• 10. 09 MARKET UPDATE 18 GLOBAL & AFRICAN SUGAR DEMAND Annual sugar consumption 2000-2030 (million tons) 194 2010 169 2005 148 2000 130 2,3% 2030 257 2025 237 2020 217 2015 Rest of WorldAfrica 24 18 12 4 6 2020 Demand Per Capita Growth 2 Population Growth 2012 Demand Increase2000 Demand Sub Saharan Africa sugar demand growth to 2020 (million tons) 19 Global sugar demand • High growth in emerging markets but demand stagnation in western countries • Excludes any non-sugar demand for cane • Forecast demand: African sugar demand • Demand growth is real: 3.5% CAGR since 2000 • Young continent (average age 18) but a low life expectancy (55 years) • Good growth potential for agriculture development: 27% of world’s total arable land & 60% of uncultivated arable land is in Africa 2013 – 2030 2025 – 2030 Global 2.0% 1.6% Africa 3.3% 3.0% Source: Czanikow
  • 11. 10 0 5 10 15 20 25 30 35 40 No11.RawSugarPrice–UScents/lb No. 11 - Raw Sugar US cents/lb • World market prices continue to trend upwards over time as sugar demand increases • Prices are cyclical driven by changing supply and demand balances Source: AB Sugar Global deficit period & high prices encouraged additional production (both through investment in existing assets & new builds). Weaker Brazilian Real incentivising exports & expectations of a fourth consecutive year of a world sugar surplus have driven prices lower. • Any pricing support of a lower crop in Brazil (drought & threat of El Niño) is limited by a higher crop in Thailand (Government pressure to diversify away from rice) & an Indian sugar export subsidy • The potential for a shift from sugar to ethanol production may support higher pricing later in the year January Average: US15.4 cents / lb February Average: US16.2 cents / lb March Average: US17.5 cents / lb WORLD SUGAR MARKET UPDATE 20 • In the past, lower imports from preferential countries resulted in sugar shortages & high prices in EU • Additional measures were adopted by EU Commission to improve uncomfortably low stock levels • Prices under pressure as additional sources of supply available to refiners • Refined sugar prices, which peaked at €738 / ton in January 2013, were €604 / ton in February 2014 • Major EU sugar producers position themselves for the removal of production quotas in 2017 by competing in new markets • Additional competition in Illovo’s specific markets expected to further reduce pricing EUROPEAN SUGAR MARKET UPDATE 21 Source: EU Commission € 622 € 551 € 486 € 633 € 738 € 709 € 627 € 604 € 400 € 500 € 600 € 700 € 800 Jul 06 Aug 07 Sep 08 Oct 09 Nov 10 Dec 11 Jan 13 Feb 14 Average ex-works pricing for bulk refined sugar reported in EU
  • 12. 11 Current regime Until Sept 2015 Post regime Oct 2017 onwards Regime extension Additional 2 years • Preferential access varies: LDC unlimited, ACP with signed EPA & no SA quota • Supply agreements of value compared to spot • EU pricing likely to remain stable and relatively high • Increasing competition from new FTAs • ACP/LDC access unchanged, hopeful of SA quota • EU buyers uncertain of demand so no existing supply agreements • SSA able to export sugar to EU • EU pricing expected to follow world market • Competition to further increase • EU structural deficit expected to diminish • Forecasting large domestic EU sugar stock at change over • SSA sugar surplus to continue with exports going to best returning markets • EU pricing expected to drop along with volumes Forecast supply from SSA to EU (kt) 18/19 19/2017/1816/1715/1614/1513/14 Source: Illovo Key: • ACP African, Caribbean & Pacific • EPA Economic Partnership Agreements • EU European Union • FTA Free Trade Agreements • LDC Least Developed Countries • SA South Africa • SSA Sub Sahara Africa DEMAND IMPLICATIONS OF EUROPEAN CHANGES 22 5% 8% ‘000 tons 2012/13 Actual 2013/14 Actual 1 072 63% 1 057 58% 395 23% 414 23% 16 1% 10 - 150 9% 142 8% 60 4% 209 11% Total Sales 1 693 1 832 • South Africa’s domestic sales decrease due to an unprecedented level of imports, but strong industrial customer base offers some non-tariff protection • Low-cost / duty-free imports in Tanzania negatively impact pricing but sales volumes increase to generate cash flow • Regional sales decrease following lower production in Malawi & Zambia • Demand for premium speciality sugars in EU grows • Continued focus on supplying increasing domestic & regional markets • Adjust export product mix to enhance value (e.g. specialty sugars) • Develop new markets for changes to the EU sugar regime post 2017 World Regional USA EU Domestic 2020 Sales Volume WorldRegionalUSAEU (Specials) EU (Bulk) Domestic2014 Sales Volume SUGAR SALES & MARKETS 23 Focus on supplying domestic, regional & speciality sugar markets Segment Mix OutlookSegment Mix Developments tons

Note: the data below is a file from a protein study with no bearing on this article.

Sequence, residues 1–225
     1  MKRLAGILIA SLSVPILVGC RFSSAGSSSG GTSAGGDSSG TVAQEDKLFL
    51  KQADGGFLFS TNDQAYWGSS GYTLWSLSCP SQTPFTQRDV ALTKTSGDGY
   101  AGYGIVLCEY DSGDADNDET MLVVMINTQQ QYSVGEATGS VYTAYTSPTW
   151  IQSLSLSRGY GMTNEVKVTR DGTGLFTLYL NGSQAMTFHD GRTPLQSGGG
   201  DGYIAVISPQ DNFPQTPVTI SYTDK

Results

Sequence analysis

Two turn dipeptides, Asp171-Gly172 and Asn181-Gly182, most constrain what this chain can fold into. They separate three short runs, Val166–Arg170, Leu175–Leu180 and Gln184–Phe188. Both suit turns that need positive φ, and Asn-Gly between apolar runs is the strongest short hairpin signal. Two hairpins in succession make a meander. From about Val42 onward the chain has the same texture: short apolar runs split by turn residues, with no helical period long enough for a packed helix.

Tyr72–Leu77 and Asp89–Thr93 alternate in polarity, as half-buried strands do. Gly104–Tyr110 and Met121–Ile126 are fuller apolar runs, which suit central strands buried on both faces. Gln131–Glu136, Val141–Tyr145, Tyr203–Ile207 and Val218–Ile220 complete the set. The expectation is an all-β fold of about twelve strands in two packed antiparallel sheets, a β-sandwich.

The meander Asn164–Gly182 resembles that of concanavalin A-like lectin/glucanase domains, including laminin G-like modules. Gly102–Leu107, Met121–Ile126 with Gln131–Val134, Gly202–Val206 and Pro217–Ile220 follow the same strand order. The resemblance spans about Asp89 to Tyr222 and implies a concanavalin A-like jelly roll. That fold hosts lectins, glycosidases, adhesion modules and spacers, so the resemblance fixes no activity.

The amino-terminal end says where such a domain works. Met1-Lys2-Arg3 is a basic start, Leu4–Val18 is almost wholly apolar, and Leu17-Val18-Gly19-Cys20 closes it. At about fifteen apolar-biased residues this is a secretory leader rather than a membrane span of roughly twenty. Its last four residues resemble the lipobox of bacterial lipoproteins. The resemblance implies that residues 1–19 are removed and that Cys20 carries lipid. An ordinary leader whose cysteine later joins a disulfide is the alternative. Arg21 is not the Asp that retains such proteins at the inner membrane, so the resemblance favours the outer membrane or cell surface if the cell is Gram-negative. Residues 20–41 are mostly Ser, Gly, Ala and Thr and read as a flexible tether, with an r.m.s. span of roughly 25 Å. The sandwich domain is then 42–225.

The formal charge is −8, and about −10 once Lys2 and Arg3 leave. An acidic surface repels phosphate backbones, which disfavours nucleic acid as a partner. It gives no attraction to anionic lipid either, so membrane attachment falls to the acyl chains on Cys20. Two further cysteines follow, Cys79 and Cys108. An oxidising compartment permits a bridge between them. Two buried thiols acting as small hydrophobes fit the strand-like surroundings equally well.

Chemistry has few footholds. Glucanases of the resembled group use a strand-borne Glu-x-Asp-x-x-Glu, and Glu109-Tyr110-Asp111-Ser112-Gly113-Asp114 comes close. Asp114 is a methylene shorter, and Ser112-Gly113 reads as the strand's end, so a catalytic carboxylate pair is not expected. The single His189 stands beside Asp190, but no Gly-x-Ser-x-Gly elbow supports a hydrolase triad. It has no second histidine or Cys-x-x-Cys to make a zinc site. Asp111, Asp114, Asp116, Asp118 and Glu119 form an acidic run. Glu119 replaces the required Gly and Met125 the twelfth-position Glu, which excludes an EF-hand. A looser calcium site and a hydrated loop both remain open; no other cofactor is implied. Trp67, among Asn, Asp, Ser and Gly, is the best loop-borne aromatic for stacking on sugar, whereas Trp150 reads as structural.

• 13. 12 Domestic Markets ª 15kt • Unprecedented level of imports reduce South Africa’s domestic volumes • Growth in domestic volumes in Zambia, Swaziland & Malawi • Strong share of the domestic markets in which we operate • Highest ex-mill returns • Imports reduce prices in Tanzania • Economic growth in Mozambique did not translate to higher domestic sales • Focus on cost to serve to streamline logistic costs Regional Markets ª 8kt • Volumes decline due to lower production in Zambia & Malawi • Geographic advantage to supply customer demand • Pricing & volumes held- up well during the year despite bearish market conditions • Abundant low-cost world sugar begins to depress pricing • Benefit of weaker currencies against the US$ • Markets supplied: • Democratic Republic of Congo • Great Lakes Area • Kenya • Zimbabwe Preferential Markets © 13kt • Access to EU & US markets • Increased EU bulk sales to meet contracted volumes • Demand for premium speciality sugars in EU increases with record volumes being supplied • EU pricing falls sharply as major EU producers position themselves for 2017 abolition of quotas • Focus on growing niche speciality sugar markets to diversify away from bulk sugar sales World Markets © 149kt • Only South Africa has direct exposure to world market • Competition from imports in South Africa results in reallocation of domestic-designated sugar to the world market • Exposure increases to 11% of total sales volumes • Pricing by SASA with input from Illovo • Volatility risk • Average pricing achieved US18.1 cents/lb (2013: US 22.9 cents/lb) ILLOVO SUGAR MARKETS 24 OPERATIONAL REVIEWOPERATIONAL REVIEW 25